One of our core values at DataFox is empathy. We hire people who are driven to help others, and this defines our culture and our product.
But here’s the thing: empathy isn’t just a nice word on a poster. It’s a feeling. You don’t empathize by understanding a problem, you empathize by seeing it and experiencing the pain for yourself. It’s feeling someone else’s pain that inspires action and solutions.
So how do you make the people who build the product feel the customer pain when they aren’t the target customer? We’ve already discussed one solution: empathy hackathons. Today I want to add another: shadowing customer calls.
Yes, it’s an obvious idea, and we certainly don’t claim credit for it. But it’s effective, and I encourage others to make it part of your culture.
Wait, isn’t this the product manager’s job?
The traditional notion is that PMs are responsible for interviewing customers, unearthing their needs, and translating those needs into technical requirements to hand off to engineers. This is all great, but it’s not complete.
The problem here is that something is always lost in translation. As engineers make technical trade-offs it’s easy to compromise what the customer actually needs. The result is technically correct (according to the spec), but actually misses the mark.
Asking engineers to build products based on written specs is like hosting a movie night where you all silently read copies of the script. Written specs, like scripts, are necessary, but no subsitute for the real thing. To build great products, engineers need to feel the customers’ pain, just like you need to see the actors to connect to the movie.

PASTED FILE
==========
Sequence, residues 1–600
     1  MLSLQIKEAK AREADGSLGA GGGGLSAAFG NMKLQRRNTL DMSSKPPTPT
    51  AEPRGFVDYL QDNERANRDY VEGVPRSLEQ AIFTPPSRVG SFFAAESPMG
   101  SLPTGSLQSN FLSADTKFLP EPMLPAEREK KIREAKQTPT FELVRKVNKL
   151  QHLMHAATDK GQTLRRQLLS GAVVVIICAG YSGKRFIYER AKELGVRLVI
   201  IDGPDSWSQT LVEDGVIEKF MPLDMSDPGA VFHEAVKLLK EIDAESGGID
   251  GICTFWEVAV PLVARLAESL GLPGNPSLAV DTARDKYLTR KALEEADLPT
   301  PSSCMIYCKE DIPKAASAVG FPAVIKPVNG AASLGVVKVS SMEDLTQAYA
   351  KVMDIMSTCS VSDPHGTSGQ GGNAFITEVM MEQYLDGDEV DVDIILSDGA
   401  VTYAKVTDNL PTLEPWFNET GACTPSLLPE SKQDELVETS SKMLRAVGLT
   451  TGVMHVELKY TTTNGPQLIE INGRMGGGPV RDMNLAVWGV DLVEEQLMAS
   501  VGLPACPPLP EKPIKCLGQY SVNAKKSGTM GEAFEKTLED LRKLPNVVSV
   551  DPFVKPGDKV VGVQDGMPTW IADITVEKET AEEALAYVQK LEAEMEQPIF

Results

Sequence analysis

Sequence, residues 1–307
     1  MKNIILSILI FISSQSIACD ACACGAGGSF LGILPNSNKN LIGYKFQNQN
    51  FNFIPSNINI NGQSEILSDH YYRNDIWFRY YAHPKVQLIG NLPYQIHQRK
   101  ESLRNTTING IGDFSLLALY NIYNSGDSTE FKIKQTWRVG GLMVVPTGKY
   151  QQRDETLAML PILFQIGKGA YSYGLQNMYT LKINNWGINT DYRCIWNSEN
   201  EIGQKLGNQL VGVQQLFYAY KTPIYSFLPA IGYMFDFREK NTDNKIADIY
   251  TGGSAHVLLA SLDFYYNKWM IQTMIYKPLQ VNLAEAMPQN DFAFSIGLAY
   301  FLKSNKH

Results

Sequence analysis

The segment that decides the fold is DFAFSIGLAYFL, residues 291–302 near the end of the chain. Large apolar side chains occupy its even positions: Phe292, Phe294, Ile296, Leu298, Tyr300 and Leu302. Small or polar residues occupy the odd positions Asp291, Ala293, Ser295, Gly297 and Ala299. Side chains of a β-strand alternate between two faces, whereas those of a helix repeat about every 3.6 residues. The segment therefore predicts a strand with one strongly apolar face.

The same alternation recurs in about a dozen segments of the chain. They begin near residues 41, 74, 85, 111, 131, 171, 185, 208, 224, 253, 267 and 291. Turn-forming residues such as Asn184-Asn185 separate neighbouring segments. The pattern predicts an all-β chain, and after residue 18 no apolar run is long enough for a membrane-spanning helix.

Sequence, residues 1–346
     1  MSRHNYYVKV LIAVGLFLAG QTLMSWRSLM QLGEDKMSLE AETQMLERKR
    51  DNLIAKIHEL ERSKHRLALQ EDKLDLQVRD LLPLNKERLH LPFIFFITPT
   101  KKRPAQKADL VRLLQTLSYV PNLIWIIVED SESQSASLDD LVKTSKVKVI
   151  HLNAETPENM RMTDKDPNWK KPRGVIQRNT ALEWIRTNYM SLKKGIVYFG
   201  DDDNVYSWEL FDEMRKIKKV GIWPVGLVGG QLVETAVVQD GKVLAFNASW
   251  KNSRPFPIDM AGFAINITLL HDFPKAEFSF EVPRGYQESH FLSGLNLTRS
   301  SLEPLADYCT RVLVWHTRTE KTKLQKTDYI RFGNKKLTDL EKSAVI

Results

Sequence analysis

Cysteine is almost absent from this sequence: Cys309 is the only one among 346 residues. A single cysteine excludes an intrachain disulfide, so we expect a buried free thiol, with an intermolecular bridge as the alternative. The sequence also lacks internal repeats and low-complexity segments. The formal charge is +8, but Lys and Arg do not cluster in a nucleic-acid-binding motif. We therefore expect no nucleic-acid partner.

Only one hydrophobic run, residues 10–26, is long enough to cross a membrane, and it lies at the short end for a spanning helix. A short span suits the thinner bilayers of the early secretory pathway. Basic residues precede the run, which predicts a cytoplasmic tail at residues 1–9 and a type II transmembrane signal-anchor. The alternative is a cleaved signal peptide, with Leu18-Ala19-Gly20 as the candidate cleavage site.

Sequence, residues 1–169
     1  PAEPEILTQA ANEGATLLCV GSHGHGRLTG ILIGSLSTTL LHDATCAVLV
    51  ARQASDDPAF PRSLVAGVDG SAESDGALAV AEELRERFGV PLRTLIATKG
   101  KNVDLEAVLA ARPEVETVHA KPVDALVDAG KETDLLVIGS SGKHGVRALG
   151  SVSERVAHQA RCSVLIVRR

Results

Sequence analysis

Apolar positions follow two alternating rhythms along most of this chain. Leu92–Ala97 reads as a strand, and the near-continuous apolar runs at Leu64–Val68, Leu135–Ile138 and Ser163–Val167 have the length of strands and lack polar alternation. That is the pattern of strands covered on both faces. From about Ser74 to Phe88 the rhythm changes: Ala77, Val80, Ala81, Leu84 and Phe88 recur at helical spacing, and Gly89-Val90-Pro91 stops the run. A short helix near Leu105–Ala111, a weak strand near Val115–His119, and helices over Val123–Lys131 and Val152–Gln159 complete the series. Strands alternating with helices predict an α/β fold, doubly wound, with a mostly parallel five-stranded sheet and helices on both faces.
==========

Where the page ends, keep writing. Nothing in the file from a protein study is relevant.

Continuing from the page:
Great PMs bring a lot more than just requirements to an engineering team. They bring the customer’s story. Better still, they bring the customer and let them tell their story.
That’s why our engineers shadow customer and sales calls every month. We even track it as an OKR and report it to the rest of the company. They take notes and then share a brief summary at the weekly engineering meeting about what they learned.
It’s simple, but it’s powerful.
Just don’t expect every call to be an eye-opening experience. Yes, at times there is a gem of information that helps the engineer build a new feature. But that’s the exception. 90% of what we hear is not new information, which is how this should work. If engineers are regularly exposed to customer feedback they should already know about most requests.
But that’s not the point. The point is the power of seeing something with one’s own eyes. I’ve known that a workflow was poorly designed, but it’s not until I see someone struggle through using it that I feel galvanized to fix it. Similarly, hearing a customer ask for a feature makes it more personal than a Jira ticket. These small insights add up quickly.
A final thought
The biggest challenge to getting engineers to shadow calls is to have the right engineers in the first place. It’s a big investment of time, so they have to be motivated by empathy. That’s why empathy is one of the core values we test for in our interview process (and not just for engineers).
It’s also important to convince the customer success and sales teams that they should post their upcoming calls for engineers to shadow. We always explain that this is a great way to advocate for features and concerns. But we also give away Amazon gift cards to the rep who had the most calls shadowed. Do whatever it takes to get them bought in.
In the six months since we started the program, our engineers have shadowed over 80 calls. They’ve fixed well over 100 smaller issues that came up, and helped significantly streamline our sales process. They have even deeper empathy for our customers, and the results show in the product and recent customer feedback. I encourage you to try making this a core part of your engineering culture as well.